Preteen girl looking at a cell phone with her parents

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Parents' Guide to

Things You Can't Say

By Joly Herman, Common Sense Media Reviewer

age 11+

Compelling story of tween grappling with his dad's suicide.

Things You Can't Say Poster Image

A Lot or a Little?

What you will—and won't—find in this book.

Community Reviews

age 13+

Based on 1 parent review

age 13+


It was a good educational book!

Is It Any Good?

Our review:
Parents say (1 ):
Kids say (1 ):

This is a compelling story of a 12-year-old sorting out his father's suicide while figuring out friends and family history during a summer in Rhode Island. Things You Can't Say explores the sense of anger and betrayal that suicide leaves behind, against a backdrop of kids streaming down the stairs to hear his stories, and a possibly cool girl who's volunteering with Drew at the library. Drew's honest voice digs into painful questions: Was his dad lying to him about loving him? Why did he abandon them? Was he ever really happy? And who is this "old friend" his mom is so interested in, anyway? An old boyfriend? A secret relative?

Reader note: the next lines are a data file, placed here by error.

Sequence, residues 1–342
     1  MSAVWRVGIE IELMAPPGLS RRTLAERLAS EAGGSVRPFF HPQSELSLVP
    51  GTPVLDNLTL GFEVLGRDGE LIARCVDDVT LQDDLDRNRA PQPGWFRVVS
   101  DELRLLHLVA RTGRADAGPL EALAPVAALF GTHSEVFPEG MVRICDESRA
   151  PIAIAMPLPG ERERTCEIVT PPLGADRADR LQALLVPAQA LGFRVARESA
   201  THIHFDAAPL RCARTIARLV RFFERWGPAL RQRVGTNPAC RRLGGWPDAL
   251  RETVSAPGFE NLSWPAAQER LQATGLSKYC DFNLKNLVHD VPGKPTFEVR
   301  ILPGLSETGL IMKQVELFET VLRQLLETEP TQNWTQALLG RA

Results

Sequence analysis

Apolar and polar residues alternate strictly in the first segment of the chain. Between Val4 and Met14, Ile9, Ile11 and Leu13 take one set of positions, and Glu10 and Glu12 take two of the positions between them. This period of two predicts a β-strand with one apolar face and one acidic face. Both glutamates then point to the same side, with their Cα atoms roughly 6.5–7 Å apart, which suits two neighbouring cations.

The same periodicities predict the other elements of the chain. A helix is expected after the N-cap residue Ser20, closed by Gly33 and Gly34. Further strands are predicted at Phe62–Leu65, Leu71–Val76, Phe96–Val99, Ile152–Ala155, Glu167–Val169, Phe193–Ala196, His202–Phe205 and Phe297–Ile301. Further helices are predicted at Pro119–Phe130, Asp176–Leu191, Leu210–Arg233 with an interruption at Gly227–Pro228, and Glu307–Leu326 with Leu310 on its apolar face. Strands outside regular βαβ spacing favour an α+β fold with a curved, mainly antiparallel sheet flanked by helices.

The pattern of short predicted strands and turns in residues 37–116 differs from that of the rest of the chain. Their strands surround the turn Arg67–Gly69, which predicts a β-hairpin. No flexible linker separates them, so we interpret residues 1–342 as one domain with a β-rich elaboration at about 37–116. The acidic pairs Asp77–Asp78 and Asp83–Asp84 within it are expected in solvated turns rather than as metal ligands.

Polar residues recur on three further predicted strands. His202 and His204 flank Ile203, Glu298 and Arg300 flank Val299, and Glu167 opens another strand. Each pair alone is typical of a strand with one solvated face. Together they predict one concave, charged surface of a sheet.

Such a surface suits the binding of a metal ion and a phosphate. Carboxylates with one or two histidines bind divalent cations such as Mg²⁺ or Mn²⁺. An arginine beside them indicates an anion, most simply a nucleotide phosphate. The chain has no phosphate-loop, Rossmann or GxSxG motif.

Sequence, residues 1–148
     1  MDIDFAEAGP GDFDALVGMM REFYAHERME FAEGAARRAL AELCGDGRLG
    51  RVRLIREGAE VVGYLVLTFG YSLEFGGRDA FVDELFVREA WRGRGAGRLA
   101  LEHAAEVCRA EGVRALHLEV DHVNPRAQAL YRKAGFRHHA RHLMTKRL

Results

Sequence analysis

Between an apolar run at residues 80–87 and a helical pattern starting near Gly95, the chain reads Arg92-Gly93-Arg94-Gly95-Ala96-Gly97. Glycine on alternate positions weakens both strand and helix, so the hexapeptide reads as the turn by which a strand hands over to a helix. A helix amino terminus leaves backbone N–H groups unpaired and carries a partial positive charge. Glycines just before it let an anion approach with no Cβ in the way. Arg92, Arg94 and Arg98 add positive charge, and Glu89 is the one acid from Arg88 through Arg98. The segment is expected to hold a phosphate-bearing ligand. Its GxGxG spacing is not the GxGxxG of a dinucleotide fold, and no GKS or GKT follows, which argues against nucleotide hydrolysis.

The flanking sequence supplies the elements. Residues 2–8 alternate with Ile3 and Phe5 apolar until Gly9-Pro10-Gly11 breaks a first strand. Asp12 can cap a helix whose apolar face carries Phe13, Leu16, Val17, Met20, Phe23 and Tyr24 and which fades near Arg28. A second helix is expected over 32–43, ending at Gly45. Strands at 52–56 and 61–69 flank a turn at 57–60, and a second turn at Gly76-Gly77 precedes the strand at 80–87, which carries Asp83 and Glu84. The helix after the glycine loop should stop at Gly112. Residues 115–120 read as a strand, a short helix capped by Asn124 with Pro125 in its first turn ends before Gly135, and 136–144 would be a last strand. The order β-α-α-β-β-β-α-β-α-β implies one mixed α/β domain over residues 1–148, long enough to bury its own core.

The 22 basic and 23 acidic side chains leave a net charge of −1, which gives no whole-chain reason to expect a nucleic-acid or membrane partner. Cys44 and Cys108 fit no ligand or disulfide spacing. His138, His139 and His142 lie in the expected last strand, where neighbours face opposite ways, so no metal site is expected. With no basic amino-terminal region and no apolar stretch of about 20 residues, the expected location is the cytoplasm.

Kids will enjoy the realistic narrative that Drew runs in his head. There are lots of things he thinks, but not so many that he actually says. And when he does express himself, some of his words and reactions come out sounding rude, which feels right for this age group. What doesn't quite fit is a gap in the family history that seems unlikely (spoiler alert: when and where his parents met). It's a small glitch in an otherwise realistic portrayal. This is a relatable story about surviving a devastating event and how life goes on despite the tragedies people endure.

Book Details

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